Preparing the standard solutions:

1.     
Measure 1.7000g FeCl3 in a weighing
dish by using an electronic balance and spatula.

2.     
Put FeCl3 into a 100mL volumetric
flask and add distilled water until the middle of the flask, then invert the
flask several times for FeCl3 to dissolve in water.

3.     
Add water until below the 100mL mark, then
continue adding by using a dropper paying attention to the meniscus. Label the
volumetric flask “1%” FeCl3 solution.

4.     
Take 10mL from 1% FeCl3 solution by
using a pipette and put it into another 100mL volumetric flask. Add distilled
water until the middle of the flask, then invert the flask several times for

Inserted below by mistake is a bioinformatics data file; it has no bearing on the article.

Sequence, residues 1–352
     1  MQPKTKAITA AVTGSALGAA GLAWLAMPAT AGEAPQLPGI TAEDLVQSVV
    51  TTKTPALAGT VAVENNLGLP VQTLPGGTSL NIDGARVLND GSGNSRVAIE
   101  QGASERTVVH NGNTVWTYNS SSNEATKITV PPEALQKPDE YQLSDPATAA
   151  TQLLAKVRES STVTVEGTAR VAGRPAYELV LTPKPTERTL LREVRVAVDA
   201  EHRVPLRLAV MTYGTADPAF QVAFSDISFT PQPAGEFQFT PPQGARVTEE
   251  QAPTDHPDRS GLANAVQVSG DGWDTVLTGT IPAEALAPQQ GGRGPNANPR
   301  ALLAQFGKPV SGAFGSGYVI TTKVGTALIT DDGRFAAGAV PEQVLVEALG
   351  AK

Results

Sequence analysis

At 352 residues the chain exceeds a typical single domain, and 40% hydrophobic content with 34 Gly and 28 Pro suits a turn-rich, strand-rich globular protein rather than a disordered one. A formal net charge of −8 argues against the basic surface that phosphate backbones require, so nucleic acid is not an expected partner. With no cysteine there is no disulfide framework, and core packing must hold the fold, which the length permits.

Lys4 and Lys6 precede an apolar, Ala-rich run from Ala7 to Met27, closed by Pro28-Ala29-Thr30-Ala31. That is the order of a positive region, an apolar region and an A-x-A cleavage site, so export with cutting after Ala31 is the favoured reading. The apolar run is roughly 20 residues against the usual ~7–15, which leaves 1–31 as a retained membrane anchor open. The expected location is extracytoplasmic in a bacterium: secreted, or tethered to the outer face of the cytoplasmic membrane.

FeCl3 solution to mix with water.

5.     
Add water until below the 100mL mark, then
continue adding by using a dropper paying attention to the meniscus. Label the
volumetric flask “0.1%” FeCl3 solution.

6.     
Repeat steps 4 and 5 to prepare 0.01%, 0.001%,
0.0001%, 0.00001% and 0.000001% FeCl3 solutions by taking 10mL from each
sample in the previous volumetric flask.

7.     
Take 5mL from each standard solution by using pipette
and put the solutions into test tubes.

8.     
Add 5mL KSCN solution in the test tubes by using
a pipette, shake the test tubes slowly to mix FeCl3 solution and
KSCN solution.

9.     
Transfer FeCl3 and KSCN mixtures into
cuvettes by using droppers, be careful to hold the cuvettes from the ribbed
sides and don’t leave any bubbles in the cuvettes, then measure the absorbance
of the solutions by using a colorimeter.

Preparing the samples:

1.     
Put the empty crucible on the pipe-stem triangle
and heat it with the hottest flame for 2 minutes, then take the crucible by
using tongs and leave it to cool down.

2.     
Measure 2.0000g parsley leaf in a crucible by
using an electronic balance.

3.     
Put the crucible on the pipe-stem triangle.

4.